If you are interested in taking part in these discussions please reply to this email (info@westsidesolutions.ca) by April 24, 2015 with your first, second and third choice of discussion topic.
Please also provide your name, community of residence and phone number in addition to your email address to ensure we will be able to reach you with more information.
Westside Solutions
479 Island Highway
Victoria, V9B 1H7
Kristin Quayle, MA | Communications Coordinator
Capital Regional District | 250.360.3623 | kquayle@crd.bc.ca

Eastside-Westside sewage split (Bodenberg)

Focus Magazine

Derry McDonell’s article is both comprehensive and succinct. He gets right to the point, which is that distributed tertiary treatment is the best course for us to follow.

Things went seriously wrong for the region after February 2009, however, when the CRD received a consultant’s report claiming that distributed treatment would cost some $2 billion, or more than twice the cost of the centralized secondary treatment plan that later became Seaterra. Most members of the sewage committee jumped to the conclusion that “distributed” treatment was the same as “tertiary” treatment. They thus rejected the tertiary option as too expensive and have held that opinion tenaciously for six years.

They were wrong: the report said three times on the very first page that only secondary treatment had been considered. The committee’s error was not entirely its own. For one thing, staff did not disabuse them of their error as it should have done. For another, it was almost beyond belief that the consultant could have contemplated our spending hundreds of millions of dollars to build up to 10 distributed secondary treatment plants, and then additional hundreds of millions for new pipelines to and from McLoughlin Point. For what? More secondary treatment?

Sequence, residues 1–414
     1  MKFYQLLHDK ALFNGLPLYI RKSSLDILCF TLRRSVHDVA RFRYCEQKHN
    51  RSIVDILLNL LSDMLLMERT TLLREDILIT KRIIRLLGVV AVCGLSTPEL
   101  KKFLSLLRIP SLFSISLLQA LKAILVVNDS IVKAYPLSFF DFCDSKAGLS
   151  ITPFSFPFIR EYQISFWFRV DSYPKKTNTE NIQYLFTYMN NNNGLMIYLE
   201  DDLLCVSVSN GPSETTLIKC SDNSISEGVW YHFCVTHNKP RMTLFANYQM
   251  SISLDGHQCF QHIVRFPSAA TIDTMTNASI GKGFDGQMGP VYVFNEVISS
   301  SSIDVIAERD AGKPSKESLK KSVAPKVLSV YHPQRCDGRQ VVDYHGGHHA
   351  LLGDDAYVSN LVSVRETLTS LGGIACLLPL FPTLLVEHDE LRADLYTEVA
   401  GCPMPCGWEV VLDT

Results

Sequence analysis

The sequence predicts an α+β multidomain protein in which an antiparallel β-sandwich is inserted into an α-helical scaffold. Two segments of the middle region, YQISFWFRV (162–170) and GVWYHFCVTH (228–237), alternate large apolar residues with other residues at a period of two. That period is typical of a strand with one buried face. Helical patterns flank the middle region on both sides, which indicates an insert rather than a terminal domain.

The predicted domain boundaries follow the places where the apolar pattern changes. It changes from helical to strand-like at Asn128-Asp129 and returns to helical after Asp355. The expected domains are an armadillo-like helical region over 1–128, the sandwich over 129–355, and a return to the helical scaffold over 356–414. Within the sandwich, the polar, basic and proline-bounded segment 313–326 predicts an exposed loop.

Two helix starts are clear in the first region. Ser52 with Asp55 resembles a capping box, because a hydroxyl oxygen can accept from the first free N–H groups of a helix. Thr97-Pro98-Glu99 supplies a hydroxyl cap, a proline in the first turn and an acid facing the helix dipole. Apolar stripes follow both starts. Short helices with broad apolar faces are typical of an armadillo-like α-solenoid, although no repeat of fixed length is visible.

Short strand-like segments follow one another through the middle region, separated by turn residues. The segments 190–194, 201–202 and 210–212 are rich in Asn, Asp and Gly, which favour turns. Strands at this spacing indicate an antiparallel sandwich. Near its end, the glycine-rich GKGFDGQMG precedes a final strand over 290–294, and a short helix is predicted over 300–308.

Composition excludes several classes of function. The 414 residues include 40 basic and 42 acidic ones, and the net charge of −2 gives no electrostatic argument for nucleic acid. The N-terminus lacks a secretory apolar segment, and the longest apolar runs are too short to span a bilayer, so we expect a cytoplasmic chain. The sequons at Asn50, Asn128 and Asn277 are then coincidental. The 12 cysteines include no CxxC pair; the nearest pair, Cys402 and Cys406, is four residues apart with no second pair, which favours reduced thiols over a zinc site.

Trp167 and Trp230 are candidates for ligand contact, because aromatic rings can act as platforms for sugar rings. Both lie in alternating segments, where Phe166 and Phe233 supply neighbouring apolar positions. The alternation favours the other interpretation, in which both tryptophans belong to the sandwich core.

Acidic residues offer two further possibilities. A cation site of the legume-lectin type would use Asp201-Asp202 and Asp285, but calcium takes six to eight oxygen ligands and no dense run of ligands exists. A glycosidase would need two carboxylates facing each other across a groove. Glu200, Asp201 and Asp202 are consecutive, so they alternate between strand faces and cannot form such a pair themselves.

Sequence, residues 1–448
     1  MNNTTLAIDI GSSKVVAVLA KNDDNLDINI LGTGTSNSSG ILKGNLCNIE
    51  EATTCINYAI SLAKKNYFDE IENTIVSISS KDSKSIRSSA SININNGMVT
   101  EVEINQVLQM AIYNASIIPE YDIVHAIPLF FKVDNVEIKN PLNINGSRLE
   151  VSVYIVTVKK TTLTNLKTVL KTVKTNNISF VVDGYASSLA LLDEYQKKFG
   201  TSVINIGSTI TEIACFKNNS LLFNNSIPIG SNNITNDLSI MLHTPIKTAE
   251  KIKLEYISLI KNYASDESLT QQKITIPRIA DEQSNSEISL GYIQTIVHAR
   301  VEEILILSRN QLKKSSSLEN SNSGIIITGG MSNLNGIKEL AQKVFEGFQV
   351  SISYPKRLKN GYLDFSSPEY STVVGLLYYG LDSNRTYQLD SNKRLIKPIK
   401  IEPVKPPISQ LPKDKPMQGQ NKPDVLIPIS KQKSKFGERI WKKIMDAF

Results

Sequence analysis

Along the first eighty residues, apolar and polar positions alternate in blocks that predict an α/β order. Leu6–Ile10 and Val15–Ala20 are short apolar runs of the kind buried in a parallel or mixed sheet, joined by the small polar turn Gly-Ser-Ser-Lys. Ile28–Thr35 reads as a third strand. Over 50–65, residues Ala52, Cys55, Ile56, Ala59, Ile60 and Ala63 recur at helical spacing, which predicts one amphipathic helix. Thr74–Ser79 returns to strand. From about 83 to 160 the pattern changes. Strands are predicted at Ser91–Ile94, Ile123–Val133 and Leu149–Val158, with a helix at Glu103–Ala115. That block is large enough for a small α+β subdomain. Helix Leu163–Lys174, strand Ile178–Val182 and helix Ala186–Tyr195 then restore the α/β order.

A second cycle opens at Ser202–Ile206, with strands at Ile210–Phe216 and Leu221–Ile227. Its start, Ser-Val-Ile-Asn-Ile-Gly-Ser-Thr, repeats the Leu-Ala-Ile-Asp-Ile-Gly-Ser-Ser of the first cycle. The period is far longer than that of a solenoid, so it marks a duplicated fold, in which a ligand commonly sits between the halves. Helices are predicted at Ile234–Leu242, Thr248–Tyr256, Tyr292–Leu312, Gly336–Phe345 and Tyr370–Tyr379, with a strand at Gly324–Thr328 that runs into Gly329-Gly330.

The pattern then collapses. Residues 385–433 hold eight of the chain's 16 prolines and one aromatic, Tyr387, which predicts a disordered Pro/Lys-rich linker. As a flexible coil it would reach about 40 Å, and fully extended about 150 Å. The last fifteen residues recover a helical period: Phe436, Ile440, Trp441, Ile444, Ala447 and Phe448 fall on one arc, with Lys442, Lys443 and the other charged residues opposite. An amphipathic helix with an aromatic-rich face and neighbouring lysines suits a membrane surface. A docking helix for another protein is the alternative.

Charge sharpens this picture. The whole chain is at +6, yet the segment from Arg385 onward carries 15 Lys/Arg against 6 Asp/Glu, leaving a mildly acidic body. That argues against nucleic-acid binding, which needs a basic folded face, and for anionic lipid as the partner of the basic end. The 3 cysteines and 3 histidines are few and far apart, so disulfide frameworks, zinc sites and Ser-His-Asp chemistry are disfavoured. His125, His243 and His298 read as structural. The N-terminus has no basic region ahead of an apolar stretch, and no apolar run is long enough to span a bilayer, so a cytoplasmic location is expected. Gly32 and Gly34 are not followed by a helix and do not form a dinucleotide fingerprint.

I am less concerned than McDonell about the fact that our sewage trunk lines do not conform to the boundaries of the eastside and westside subcommittees. Perhaps as early as next month the westside group will unveil the second, or technical, phase of its public engagement process. This means that tertiary treatment will at last get a public hearing, and, if the evidence is persuasive, political divisions should not matter.

I am drawn to a foreign participant in the westside program which has applied tertiary treatment to both simple municipal and complex industrial waste streams in dozens of locations on three continents. The company performs treatment in “immobilized cell” reactors, using activated carbon with metal catalysts that are more durable and maintenance-free than membranes.

The company believes it could equip the whole CRD for $350 million plus some moderate costs of in-ground pipe connections. Having been conditioned by Seaterra to accept a bill on the order of $800 million, we may feel that a much lower figure strains credulity.

On the other hand, when different levels of government agreed to share funding, they increased the appetite for funds. We must make sure that the tripartite agreement among federal, provincial, and regional governments is a genuine three-way sharing of the proper bill and not a tripling of it.

David Bodenberg